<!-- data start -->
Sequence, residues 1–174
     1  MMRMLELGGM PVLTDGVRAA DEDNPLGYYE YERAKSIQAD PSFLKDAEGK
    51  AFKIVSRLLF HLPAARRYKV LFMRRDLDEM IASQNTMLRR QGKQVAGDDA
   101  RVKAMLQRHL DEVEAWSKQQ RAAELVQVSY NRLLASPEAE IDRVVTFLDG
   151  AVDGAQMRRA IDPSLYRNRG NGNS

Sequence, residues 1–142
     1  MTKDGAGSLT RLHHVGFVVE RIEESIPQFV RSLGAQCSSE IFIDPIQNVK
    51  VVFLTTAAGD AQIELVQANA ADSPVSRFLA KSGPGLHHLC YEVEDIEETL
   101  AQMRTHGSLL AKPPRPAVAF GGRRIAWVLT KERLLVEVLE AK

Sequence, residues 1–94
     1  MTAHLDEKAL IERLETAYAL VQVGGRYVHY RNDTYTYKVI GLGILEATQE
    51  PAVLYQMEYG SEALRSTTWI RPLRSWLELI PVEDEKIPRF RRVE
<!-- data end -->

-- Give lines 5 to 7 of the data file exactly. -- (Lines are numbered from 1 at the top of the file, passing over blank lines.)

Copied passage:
   151  AVDGAQMRRA IDPSLYRNRG NGNS

Sequence, residues 1–142
     1  MTKDGAGSLT RLHHVGFVVE RIEESIPQFV RSLGAQCSSE IFIDPIQNVK